Francesco Piranesi

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Illumination of the Lenten Cross, etching by Francesco Piranesi, coloring by Louis-Jean Desprez

Francesco Piranesi (1758/59 – 23 January 1810) was an Italian engraver, etcher and architect. He was the son of the more famous Giovanni Battista Piranesi and continued his series of engravings representing monuments and ancient temples. He worked for a long period in France, where he lived during the French Revolution.

Life[edit]

Francesco Piranesi was born in Rome, the eldest son of Giovanni Battista Piranesi and his wife, Angela Pasquini. He was instructed in engraving by his father, together with his older sister Laura (1755–1785), also a noted engraver by the time of her early death. He was both engraving his own works of art and assisting his father's work by 1775. He then started to study with other experts: engraving with Giovanni Volpato, landscape painting under the German Jacob Philipp Hackert and his brother, Georg, and architecture under Pierre-Adrien Pâris

Piranesi accompanied his father on two trips to the ancient Roman ruins in Pompei, Paestum and Ercolano, first in 1770, and again in 1778. In this he was part of a group of engravers which collaborated with Benedetto Mori and the architect Augusto Rosa, considered the inventor of felloplastica, the art of constructing scale models of ancient monuments in cork. Giovanni Battista created a series of preparatory drawings about Paestum, which were completed by Francesco. Upon his father's death, shortly after the second trip, Francesco acquired his father's publishing house and was responsible for printing most of the later editions of his prints.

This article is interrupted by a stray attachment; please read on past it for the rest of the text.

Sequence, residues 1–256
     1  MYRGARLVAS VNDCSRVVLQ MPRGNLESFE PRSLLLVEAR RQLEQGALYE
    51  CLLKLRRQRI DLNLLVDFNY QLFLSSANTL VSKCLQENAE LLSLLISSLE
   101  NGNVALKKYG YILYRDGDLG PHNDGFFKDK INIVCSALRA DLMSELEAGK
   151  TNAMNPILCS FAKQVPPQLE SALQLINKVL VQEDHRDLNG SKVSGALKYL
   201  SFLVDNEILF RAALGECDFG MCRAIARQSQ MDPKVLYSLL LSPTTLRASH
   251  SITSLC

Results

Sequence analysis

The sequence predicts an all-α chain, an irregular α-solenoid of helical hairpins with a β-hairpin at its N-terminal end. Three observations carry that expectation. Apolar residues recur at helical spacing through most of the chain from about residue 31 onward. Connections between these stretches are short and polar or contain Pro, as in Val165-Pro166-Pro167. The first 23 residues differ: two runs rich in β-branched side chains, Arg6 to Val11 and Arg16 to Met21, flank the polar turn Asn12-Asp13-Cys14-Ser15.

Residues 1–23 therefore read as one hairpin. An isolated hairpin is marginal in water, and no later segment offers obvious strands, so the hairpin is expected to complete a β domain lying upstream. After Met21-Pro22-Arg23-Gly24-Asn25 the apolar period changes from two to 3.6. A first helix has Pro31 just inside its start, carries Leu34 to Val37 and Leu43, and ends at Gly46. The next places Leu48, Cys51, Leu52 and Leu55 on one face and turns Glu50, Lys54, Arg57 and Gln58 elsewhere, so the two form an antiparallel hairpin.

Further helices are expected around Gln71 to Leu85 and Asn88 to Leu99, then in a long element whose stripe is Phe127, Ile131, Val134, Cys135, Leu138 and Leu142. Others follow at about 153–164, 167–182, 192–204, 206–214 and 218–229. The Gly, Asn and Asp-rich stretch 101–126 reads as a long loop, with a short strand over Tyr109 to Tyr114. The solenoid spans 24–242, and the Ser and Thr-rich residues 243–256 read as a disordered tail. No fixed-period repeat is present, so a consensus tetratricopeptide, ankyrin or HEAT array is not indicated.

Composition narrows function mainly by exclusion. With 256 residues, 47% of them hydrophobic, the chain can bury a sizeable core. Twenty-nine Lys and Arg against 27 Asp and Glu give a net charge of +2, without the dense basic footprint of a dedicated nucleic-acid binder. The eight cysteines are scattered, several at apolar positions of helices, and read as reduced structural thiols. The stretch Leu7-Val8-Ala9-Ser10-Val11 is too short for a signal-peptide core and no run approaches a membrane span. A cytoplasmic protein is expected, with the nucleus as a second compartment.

Piranesi collaborated with the French artist Louis-Jean Desprez on a series of views of Naples, Rome and Pompeii, which were advertised in 1783 as dessins coloriés and sold at Piranesi’s shop in Rome. Although the 1783 advertisement promised 48 views, the series was not completed before Desprez left Rome to enter the employ of King Gustav III of Sweden. In the following years, Piranesi built his reputation primarily upon his engravings of antique statuary.

The occupation of the Italian peninsula in 1798 by the French Revolutionary Army led to the establishment of the short-lived Roman Republic. Piranesi soon won the admiration of the French officials directing the republic, becoming a government official. When the republic fell the following year, together with his younger brother, Pietro, he moved to Paris where he soon gained the admiration of Talleyrand. They opened a new branch of the family enterprise there, called Piranesi Frères, which decorated a line of terracotta vases manufactured in imitation of the ancient Etruscan works by Joseph Bonaparte.

In 1807 Pietro Piranesi sold his share of the firm and returned to Rome. Francesco fell upon hard times after this. The Emperor Napoleon came to his help, issuing an imperial decree granting the sum of 300,000 French francs, upon the condition that Piranesi dedicate himself solely to his engraving work, then considered the best in Europe. He died unexpectedly in Paris, however, before he could fulfill his contract.

Rumor has held that he died from syphilis. This disease caused him to become crazy and he did a series of fantasy paintings. This information came from an art appraiser at Michaan's Auction in Alameda, California.[citation needed]

In 1839, the surviving collection of his engravings was purchased by the Calcografia Camerale, founded by Pope Gregory XVI, and brought to Rome. That institution is now the Istituto Nazionale per la Grafica.

Works[edit]

  • Raccolta de' tempj antichi, Volume I (1780)
  • Il teatro di Ercolano (1785)
  • Collezione delle più belle statue di Roma (1786)
  • Raccolta de' tempj antichi, Volume II (1790)
  • Ragguaglio ossia giornale della venuta e permanenza in Roma di S.A.R. Sofia Albertina Principessa di Svezia (1793)
  • Antiquités de la Grande-Grèce, three volumes (1804-1807)